The other day, my girls asked if they could invite a few friends over for a playdate. I thought it sounded like a good idea, but the day didn't go as expected. One of my daughters had a meltdown because she didn't want to share a favorite toy, and one of our guests spent the whole hour watching videos on her cellphone. Can you relate? If so, learn from my experience and implement a few playdate guidelines that will help future dates be peachy and fun for your kids and their friends.
Keep it Simple
Elaborate invitations and gourmet snacks are fun additions to a birthday party or baby shower, but they're not necessary for playdates. Keep the details simple so you can focus on helping your kids enjoy the fun. Simplifying saves you time and money, too.
Go Easy on the Invites
One time, I got excited and invited almost 10 kids to our house for a playdate. My girls were overwhelmed, some kids were left out of the game time, and I ran out of snacks. From that experience, I learned to only invite one or two kids at a time. While this strategy doesn't completely resolve conflicts or ensure I have enough food, it does increase the opportunities for everyone to have fun and reduces stress on the kids and me.
Be Aware of Special Needs
When my girls invite new friends over, I always check in with the parents first. I want to know if the kids have food allergies, environmental sensitivities, or activity preferences. With this knowledge, I can prep my girls and our home or playdate location to ensure that everyone's safe and comfortable.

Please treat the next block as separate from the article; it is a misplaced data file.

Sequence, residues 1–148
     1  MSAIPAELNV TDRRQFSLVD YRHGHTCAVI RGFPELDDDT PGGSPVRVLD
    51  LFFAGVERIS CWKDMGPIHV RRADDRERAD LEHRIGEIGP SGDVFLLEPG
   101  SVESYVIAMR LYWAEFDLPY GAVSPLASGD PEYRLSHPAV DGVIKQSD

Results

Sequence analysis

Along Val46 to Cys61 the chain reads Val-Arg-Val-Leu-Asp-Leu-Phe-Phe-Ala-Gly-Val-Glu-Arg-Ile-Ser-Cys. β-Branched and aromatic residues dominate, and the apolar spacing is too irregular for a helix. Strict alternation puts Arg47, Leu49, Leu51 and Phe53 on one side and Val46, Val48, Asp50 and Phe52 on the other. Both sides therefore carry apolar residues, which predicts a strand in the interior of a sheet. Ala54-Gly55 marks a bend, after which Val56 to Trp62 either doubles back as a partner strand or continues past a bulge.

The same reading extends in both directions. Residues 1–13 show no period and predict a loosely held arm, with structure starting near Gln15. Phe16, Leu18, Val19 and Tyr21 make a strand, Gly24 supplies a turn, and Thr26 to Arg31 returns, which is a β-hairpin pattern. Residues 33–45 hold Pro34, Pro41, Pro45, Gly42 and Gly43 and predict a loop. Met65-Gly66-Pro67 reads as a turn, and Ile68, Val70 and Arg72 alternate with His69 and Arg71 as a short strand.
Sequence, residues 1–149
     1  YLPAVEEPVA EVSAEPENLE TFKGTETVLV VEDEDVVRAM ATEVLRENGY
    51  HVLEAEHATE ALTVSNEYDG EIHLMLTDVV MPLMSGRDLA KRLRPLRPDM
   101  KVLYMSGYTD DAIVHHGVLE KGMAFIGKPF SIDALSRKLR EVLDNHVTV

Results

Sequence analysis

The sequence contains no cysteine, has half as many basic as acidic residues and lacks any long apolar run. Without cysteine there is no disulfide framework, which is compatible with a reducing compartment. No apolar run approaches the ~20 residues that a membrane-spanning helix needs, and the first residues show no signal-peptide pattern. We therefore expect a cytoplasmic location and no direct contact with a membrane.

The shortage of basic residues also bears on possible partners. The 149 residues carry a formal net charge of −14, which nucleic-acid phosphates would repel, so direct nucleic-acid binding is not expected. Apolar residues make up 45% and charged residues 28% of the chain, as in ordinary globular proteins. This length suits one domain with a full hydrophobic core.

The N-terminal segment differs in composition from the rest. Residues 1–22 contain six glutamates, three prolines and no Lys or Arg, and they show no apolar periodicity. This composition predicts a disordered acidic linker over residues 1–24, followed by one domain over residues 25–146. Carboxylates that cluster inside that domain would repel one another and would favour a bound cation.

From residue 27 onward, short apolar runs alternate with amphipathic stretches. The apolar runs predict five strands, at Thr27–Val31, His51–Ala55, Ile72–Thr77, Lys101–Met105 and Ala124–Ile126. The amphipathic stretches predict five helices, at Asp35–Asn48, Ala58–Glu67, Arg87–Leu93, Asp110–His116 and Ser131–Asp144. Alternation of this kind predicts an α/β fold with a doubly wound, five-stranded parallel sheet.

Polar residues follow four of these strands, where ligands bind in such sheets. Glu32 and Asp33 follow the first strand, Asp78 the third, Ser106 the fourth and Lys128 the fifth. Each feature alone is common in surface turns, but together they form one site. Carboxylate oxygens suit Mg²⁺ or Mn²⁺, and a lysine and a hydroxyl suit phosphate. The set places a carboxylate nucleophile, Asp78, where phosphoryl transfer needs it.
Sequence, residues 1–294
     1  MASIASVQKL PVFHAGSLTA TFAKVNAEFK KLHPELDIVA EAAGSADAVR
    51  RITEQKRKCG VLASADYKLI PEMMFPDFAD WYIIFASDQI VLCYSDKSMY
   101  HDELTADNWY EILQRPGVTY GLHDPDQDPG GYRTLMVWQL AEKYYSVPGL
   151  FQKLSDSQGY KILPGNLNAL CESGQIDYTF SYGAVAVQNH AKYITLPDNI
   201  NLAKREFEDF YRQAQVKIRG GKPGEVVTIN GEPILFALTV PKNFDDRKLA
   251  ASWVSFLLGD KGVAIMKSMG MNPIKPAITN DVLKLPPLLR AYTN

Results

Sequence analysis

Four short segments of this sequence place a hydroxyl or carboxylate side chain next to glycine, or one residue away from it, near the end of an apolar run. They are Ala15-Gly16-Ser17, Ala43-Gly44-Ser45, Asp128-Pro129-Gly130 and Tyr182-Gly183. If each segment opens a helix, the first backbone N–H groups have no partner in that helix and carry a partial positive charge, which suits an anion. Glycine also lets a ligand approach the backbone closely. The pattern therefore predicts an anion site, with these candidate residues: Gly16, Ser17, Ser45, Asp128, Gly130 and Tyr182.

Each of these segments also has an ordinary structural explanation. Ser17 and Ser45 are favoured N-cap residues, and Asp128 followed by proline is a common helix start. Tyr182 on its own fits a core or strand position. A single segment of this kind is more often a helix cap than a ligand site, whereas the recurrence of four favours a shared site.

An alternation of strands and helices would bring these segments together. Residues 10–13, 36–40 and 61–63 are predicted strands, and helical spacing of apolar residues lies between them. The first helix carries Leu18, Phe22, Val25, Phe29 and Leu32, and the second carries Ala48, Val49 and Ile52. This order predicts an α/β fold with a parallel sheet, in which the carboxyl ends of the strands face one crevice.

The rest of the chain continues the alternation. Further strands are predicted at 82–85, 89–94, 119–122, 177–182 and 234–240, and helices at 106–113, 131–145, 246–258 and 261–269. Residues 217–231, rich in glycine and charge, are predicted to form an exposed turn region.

Let the Kids Plan the Agenda
I have a confession to make. Sometimes, I micromanage playdates. Do you ever do that? If so, we need to remember that playdates teach our kids to make decisions, compromise, and interact naturally. Instead of us setting up the schedule, we can set out a few different toys or games ahead of time or let our kids and their friends choose a few games after the playdate starts.
Hide Favorite Toys
Most kids have one or two favorite toys they hate to share, and that's OK. Go ahead and hide those toys in a box on a high shelf. Pull out toys your kids don't mind sharing or ones that several kids can play with together as you respect your child's favorite toys and promote cooperative play.
Turn Off the Devices
I let my kids occasionally watch TV and play on their tablets, but I don't let them use electronic devices during playdates. They should use that time to engage with their friends and improve communication and socialization skills, not be glued to a screen. To make the "no devices" rule work, tell your kids' friends and their parents in advance so they know what to expect.
Don't Force Your Kids to Play
Playdates offer kids opportunities to socialize outside of school, and they should be fun, not forced. I know my girls are sometimes exhausted and want to rest instead of run around the playground, and sometimes kids have an off day and just don't get along. In those situations, I give my girls permission to hang out on the sidelines or head home early to relax.
My girls and I are big fans of playdates. I've learned, though, that these seven tips make play time go smoother and be more fun for everyone. What other tips make playdates peachy?
Find more about the author: Kim Hart